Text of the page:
Proud, and here's the sign to prove it

Proud, and here's the sign to prove it

Last summer, Joe-d DowlingSoka started thinking of a way to get more people to visit United Methodist churches in Bristol.

He knew there were 22 total United Methodist churches in Bristol, which sits on the Tennessee-Virginia state line. He also knew that September is a popular time for people to consider visiting churches, as they are returning to school and work routines after summer. That's why the denomination designates September as "Open House Month."

The Rev. DowlingSoka, pastor of First United Methodist Church of Bristol, wanted to get smaller churches to join with larger churches in inviting people to worship.

“It’s hard, the relationship between churches of different sizes,” says DowlingSoka. “Large churches like State Street can be threatening to a smaller congregation.”

For example, First Bristol United Methodist Church has 120 in average worship attendance, while Paperville United Methodist Church has 23. State Street UMC has 270 in average worship attendance, while John Wesley UMC has 40.

DowlingSoka called Reed Shell, senior pastor at State Street UMC, and they started talking. DowlingSoka also called on his church’s communications team to hatch a plan.

They decided to design a billboard that said, “Let me tell you about my church. The United Methodist churches of Bristol welcome you.”

They also designed lawn signs that said, “Let me tell you about my church.”

Next, they invited each of the Bristol churches to contribute $100 toward billboards, and for individual church members to pay $5.60 each for a lawn sign.

A key component on the lawn signs was the Web address, Bristol.holston.org, listing all United Methodist churches in the Bristol area. DowlingSoka worked with Donna Hankins of the conference communications staff to set up that page.

For the entire month of September 2007, signs appeared in the front yards of about 250 Bristol residents, and a billboard was erected on Commonwealth Boulevard on the Virginia side of Bristol, close to the Tennessee line.

What were the results?

Few of the 22 churches were able to contribute money toward the billboard, so State Street UMC paid the $800 fee from a fund already designated for “media outreach,” according to Shell. Twelve of the 22 churches purchased lawn signs.

Pastors said they were unable to assess whether visitors came to worship, just because of the signs.

“We had 30 visitors from the community during September,” said DowlingSoka, “but I’m not sure they would or wouldn’t have come because of the signs.”

“I don’t know that we gained any traffic through the front door, because we didn’t have any guests that month,” said Shell.

However, pastors and members were thrilled by the positive visibility generated by the signs – especially among United Methodists themselves.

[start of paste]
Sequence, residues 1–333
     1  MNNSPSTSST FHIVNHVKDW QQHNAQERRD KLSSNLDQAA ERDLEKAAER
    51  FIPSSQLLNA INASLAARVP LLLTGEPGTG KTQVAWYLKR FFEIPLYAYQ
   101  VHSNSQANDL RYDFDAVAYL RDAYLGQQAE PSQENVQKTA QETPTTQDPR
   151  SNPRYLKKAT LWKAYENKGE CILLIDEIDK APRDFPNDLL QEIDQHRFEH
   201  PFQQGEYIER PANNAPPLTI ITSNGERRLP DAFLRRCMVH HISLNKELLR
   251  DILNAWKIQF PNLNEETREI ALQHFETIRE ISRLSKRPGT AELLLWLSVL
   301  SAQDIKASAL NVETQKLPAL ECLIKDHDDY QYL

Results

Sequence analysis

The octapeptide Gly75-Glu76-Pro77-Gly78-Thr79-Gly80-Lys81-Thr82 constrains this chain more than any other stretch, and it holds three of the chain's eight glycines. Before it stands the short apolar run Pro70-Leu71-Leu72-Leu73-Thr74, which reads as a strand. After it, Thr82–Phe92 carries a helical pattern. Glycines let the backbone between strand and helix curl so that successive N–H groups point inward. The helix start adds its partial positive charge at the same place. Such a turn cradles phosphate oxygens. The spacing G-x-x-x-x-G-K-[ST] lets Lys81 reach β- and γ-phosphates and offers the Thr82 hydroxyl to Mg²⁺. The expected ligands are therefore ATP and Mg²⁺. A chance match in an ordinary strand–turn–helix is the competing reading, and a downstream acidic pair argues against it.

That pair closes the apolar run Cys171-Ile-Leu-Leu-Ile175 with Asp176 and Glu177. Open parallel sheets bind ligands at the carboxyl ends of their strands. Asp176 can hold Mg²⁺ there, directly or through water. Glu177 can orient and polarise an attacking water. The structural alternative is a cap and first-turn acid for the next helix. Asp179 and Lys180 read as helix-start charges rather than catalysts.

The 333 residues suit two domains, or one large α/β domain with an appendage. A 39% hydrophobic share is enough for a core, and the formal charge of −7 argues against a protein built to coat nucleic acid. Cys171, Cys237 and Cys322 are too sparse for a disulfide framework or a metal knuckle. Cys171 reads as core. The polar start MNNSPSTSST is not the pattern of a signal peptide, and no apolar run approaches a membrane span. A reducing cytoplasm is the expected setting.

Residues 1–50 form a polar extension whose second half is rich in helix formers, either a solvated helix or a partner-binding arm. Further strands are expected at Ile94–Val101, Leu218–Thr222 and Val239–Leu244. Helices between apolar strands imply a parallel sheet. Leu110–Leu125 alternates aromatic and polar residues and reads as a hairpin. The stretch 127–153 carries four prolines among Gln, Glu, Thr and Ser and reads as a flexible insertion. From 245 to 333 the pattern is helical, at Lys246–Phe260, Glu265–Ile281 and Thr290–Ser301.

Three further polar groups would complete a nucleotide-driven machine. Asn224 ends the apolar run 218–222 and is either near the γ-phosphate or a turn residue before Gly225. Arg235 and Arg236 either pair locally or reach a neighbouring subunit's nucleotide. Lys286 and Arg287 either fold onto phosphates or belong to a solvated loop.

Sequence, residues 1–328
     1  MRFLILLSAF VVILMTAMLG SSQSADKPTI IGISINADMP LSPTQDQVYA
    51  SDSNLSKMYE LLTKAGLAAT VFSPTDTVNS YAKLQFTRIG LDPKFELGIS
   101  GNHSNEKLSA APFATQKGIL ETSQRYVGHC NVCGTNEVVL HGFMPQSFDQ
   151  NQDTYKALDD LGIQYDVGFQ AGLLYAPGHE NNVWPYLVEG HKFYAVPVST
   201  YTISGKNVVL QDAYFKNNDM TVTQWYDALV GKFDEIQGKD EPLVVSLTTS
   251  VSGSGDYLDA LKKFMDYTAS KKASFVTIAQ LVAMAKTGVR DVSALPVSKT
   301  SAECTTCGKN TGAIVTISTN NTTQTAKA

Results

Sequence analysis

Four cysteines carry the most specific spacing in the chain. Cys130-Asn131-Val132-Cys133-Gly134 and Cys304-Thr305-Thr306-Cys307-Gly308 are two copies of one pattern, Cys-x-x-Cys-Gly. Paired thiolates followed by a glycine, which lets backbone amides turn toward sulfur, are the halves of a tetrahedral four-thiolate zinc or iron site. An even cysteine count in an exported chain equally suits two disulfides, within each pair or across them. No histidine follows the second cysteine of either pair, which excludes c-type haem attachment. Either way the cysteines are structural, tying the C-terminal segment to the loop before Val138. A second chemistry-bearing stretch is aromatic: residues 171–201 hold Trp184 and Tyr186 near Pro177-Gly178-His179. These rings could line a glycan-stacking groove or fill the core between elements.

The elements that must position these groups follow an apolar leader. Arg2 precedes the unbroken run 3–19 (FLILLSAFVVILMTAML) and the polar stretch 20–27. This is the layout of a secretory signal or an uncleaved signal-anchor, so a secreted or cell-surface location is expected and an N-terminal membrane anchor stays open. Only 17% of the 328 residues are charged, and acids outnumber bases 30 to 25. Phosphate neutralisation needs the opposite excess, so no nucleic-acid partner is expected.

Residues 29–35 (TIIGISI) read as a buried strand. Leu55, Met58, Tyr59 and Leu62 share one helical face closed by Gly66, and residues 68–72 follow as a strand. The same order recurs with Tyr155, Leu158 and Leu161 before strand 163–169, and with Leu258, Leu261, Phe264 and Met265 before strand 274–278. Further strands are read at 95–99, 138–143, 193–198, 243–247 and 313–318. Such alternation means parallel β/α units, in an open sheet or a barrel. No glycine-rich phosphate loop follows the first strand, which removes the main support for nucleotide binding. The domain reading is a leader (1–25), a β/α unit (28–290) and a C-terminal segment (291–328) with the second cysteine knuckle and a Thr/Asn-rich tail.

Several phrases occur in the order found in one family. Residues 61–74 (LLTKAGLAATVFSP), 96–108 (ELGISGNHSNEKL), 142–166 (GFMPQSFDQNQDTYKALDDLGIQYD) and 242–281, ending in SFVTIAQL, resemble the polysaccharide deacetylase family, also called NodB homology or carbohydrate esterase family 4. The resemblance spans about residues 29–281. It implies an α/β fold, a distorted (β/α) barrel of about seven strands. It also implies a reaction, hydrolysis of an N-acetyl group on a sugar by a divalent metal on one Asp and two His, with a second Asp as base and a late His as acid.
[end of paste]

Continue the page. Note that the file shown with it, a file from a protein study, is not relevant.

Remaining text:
“It was funny how many Baptists, Catholics, Episcopalians, and Presbyterians came up to me and said, ‘Wow, we didn’t know there were so many United Methodists in this community,’” said Pastor Lloyd Jones of Addilynn Memorial United Methodist Church. "It not only opened the eyes of the community, but also the congregations. People could really see how many of their neighbors were part of a United Methodist worship community.”

“It really got our logo out there in front of the public eye for a period of time,” said Shell. “Congregants remarked that they saw signs in the lawns of people they didn’t know were United Methodist."

DowlingSoka recalls that one church member joyfully counted the lawn signs she passed through town one day.

“There is a sense that we’re not in this all by ourselves,” DowlingSoka said. “There is a sense that we are proud to be United Methodist, because we’ve got something to offer. If I put a sign on my lawn, I’m making a statement, just like you do with political signs.”

Lessons learned

The Bristol churches do plan to revisit the campaign, especially during the times of the year when visitors are most likely to come to worship: back-to-school, Easter, or Christmas.

Members at Addilynn Memorial plan to get their lawn signs back out this month, just to remind people that church continues on “after the exhaustion” of the Christmas holidays, according to the Rev. Jones. “We want people to remember the church, even in the bleak midwinter.”

DowlingSoka is considering a citywide effort again in September, but with more signs and more emphasis on inviting. While Shell hopes that State Street can pursue two billboards in the future, DowlingSoka believes that 1,000 lawn signs are also needed.

“250 signs is only a drop in the bucket,” he said. “Also, for this to show up as an evangelism tool, members are really going to have to start inviting people to church.

"Evangelism isn’t about marketing. It’s about inviting.”